Bergstrand advocates “trade adjustment assistance” in which displaced workers are provided income to secure education and retraining for higher-skilled jobs. He proposes paying for this by taxing those that benefit greatly through globalization.

While experts and business leaders debate how to pay for it, most agree that

displaced American workers must have the opportunity for retraining.

GE’s Sherin said companies must make hard decisions, but they should do it with compassion. When GE closes a facility that is not competitive, the company tries to help employees get to retirement and provides retraining, he said.

“We have to protect the 300,000 jobs we have all over the world, and the only way to do that is to be competitive in every way you operate,” he said. “So you’ve got to be compassionate, but you’ve got to face reality and that’s the balance we try and strike.”

Nolan has watched the face of Ohio’s towns change as the pressures of global trade hit hard. A nearby company in Wooster, Ohio, that produced molded plastic products just closed, letting 1,300 employees go because it was no longer competitive. Nolan’s company printed packaging labels for this company.

Viva Bartkus, associate professor of management at Mendoza and a former partner in the Chicago office of McKinsey & Company, encourages those who benefit from globalization to “reinvest in those people who lose out...build a bridge to a better future.” She went on to say: “For societies to accept the dislocating effects, benefits and costs have to be shared.” She also noted that workers are being squeezed out of jobs not only in American but in countries around the world as markets shift and realign.

State universities and community colleges are systems that are underused, said Bartkus, and can be utilized for retraining and educating workers who have lost their jobs.

Added Bergstrand: “We used to think, ‘You get out of school, you train for a job and you do that the rest of your life.’ The world’s not like that anymore. Not in an economy like ours. It’s about people constantly educating themselves.”

Many assert that low-end computer programming, some manufacturing, call center, textile, and unskilled work have left the United States and will not return. Other types of work will follow. Experts suggest that American employees must prepare themselves for high-end professional and management jobs as the country converts to a service economy built on intellectual property and human innovation. American jobs of the future will rely on “human capital”—intellect and skills—rather than on “physical capital”—machinery, Bergstrand said.

He said that American growth industries of the future—so-called “export industries” in which U.S. expertise is sold to international customers—are medicine, business management, education and eventually law. At one time, engineering would have also been on that list, he said, but America is losing its dominance in that field internationally. While not everyone can be a doctor, CEO or school superintendent, healthcare and business and education offer a spectrum of jobs that a person can retrain for. The higher up the spectrum in skill, the better, he said.

“When they do get retrained, it’s shown empirically that most workers in export-oriented industries tend to make about 10 percent higher income than in a non-export industry,” Bergstrand said.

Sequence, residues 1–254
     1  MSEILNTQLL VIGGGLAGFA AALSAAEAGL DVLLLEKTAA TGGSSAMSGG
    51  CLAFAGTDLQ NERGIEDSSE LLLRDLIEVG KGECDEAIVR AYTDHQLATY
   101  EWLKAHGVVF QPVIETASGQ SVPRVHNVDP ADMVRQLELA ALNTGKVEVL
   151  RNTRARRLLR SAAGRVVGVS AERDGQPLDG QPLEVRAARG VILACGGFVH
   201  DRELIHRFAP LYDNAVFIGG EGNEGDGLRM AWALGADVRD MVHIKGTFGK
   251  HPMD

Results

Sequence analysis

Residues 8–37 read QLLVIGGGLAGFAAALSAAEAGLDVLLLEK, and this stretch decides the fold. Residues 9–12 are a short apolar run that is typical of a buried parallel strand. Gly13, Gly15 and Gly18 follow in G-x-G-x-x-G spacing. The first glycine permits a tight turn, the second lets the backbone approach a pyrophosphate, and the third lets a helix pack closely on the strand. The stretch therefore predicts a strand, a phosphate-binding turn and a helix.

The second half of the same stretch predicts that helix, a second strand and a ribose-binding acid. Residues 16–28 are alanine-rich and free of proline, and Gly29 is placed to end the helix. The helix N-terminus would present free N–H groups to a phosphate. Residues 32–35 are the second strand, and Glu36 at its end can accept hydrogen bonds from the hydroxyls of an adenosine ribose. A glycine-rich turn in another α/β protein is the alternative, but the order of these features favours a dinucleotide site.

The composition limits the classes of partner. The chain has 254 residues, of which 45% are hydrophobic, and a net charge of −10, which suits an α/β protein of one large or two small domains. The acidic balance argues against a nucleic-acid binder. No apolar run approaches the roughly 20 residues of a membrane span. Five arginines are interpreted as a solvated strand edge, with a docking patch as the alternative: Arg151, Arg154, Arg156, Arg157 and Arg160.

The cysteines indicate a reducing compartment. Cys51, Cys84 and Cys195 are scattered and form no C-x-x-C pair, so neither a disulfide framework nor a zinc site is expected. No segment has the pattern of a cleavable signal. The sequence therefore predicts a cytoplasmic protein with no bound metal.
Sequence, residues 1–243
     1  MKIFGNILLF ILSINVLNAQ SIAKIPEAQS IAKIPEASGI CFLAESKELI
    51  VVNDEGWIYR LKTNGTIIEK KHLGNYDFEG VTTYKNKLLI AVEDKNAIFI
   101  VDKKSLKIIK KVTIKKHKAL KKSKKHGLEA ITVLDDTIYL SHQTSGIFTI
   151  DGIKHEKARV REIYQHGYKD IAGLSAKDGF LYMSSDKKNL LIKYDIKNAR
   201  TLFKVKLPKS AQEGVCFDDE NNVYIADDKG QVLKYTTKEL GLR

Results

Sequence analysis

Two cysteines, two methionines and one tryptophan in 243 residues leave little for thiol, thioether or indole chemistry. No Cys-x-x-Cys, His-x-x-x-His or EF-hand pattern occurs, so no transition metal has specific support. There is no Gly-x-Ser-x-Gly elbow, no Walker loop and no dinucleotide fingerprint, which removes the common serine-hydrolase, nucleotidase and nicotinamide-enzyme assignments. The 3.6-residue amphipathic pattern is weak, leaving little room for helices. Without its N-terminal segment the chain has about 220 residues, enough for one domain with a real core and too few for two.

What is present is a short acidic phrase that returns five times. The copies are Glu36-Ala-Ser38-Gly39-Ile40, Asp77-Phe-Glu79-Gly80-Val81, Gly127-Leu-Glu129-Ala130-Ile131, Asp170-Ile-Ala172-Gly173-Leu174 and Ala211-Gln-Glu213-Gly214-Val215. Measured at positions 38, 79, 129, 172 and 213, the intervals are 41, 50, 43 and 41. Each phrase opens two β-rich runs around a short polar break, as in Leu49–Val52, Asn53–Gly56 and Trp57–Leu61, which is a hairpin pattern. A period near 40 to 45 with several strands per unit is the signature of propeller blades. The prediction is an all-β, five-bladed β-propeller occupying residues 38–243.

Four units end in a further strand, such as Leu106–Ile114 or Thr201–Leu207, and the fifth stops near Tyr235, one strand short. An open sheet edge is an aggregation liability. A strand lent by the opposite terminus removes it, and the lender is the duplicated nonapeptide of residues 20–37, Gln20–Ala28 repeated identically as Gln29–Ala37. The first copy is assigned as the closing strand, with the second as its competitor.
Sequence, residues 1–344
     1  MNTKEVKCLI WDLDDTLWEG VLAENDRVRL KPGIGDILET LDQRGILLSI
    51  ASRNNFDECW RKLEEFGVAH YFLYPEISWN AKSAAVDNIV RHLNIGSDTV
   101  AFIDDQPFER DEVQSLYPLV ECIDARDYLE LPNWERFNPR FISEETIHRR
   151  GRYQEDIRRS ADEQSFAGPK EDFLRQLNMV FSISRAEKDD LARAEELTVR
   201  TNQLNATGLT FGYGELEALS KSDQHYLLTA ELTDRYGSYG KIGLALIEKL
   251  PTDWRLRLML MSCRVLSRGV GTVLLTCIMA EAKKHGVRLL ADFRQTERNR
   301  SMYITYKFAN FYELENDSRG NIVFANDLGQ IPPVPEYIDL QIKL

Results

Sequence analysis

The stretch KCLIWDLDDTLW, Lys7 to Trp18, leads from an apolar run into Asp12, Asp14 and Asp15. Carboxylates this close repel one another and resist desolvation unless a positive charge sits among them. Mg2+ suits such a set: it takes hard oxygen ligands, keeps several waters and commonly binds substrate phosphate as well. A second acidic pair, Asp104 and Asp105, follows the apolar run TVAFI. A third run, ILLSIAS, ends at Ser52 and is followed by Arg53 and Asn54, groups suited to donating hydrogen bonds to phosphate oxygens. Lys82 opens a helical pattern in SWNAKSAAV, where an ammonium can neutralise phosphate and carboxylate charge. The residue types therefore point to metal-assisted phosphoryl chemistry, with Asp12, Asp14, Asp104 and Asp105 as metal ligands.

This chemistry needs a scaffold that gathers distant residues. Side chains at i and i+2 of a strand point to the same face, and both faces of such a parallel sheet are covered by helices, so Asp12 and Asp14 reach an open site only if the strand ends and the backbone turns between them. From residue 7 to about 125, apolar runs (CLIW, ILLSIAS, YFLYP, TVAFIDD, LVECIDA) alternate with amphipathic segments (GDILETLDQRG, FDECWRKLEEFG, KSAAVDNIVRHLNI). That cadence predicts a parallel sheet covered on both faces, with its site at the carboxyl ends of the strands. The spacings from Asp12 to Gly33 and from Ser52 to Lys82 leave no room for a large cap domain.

The International Monetary Fund issues brief recommends that government policy focus on two areas: “education and vocational training, to make sure that workers have the opportunity to acquire the right skills in dynamic changing economies, and well-targeted social safety nets to assist people who are displaced.”

Managing Companies in the Future

“What distinguishes really good companies and great management teams from those that will be left by the wayside is really an internal ability to debate—debate data, debate insights, and ultimately debate decisions amongst the company’s senior management,” said Mendoza’s Bartkus. “You actually have to set up a culture in which that is valued while still maintaining the discipline needed to execute business functions on a daily basis.”

If globalization is managed effectively by business and government, Bergstrand said, America will remain a land of opportunity.

“Sixty years ago, after World War II, we were a very large, closed economy,” Bergstrand said. “Large in the sense that we were 40 percent of the free world’s gross domestic product, a measure of economic activity. We are now about 20 percent of the world’s GDP. That’s because the rest of the world has grown faster, along with Europe and Japan rebounding after World War II and with the emergence of China.”

Bergstrand said that high-cost societies like America can flourish in a global economy, pointing to areas such as Sweden and Singapore as examples. “We’re becoming a nation of multinational corporate headquarters.”

Bartkus said “the U.S. market is seen as the Holy Grail...“adding that through globalization “ America should continue to be very, very strong.”

“There are 300 million of us, we are very industrious and productive, and very innovative,” she said. “And if anything, those strengths will carry us over the next 20 years or so.”

Bergstrand agreed that the efficiency created through specialization and fluidity is good. “The benefits are huge.” He even asserted that global trade can reduce wars around the world and lead to peace. “If you’re trading with someone, you’re not fighting them,” he said.

“In this country, the future is in producing ideas, and having those ideas being managed here,” Bergstrand said. “If we choose as a nation to continue to make investments in education, in research and development, we will maintain that edge in being the prominent place in the world for the export of ideas.”

—John Shaughnessy (’77) is a feature writer at the Indianapolis Star. Rachel Reynolds is the Director of Feature Writing at Mendoza College of Business and managing editor of Notre Dame Business.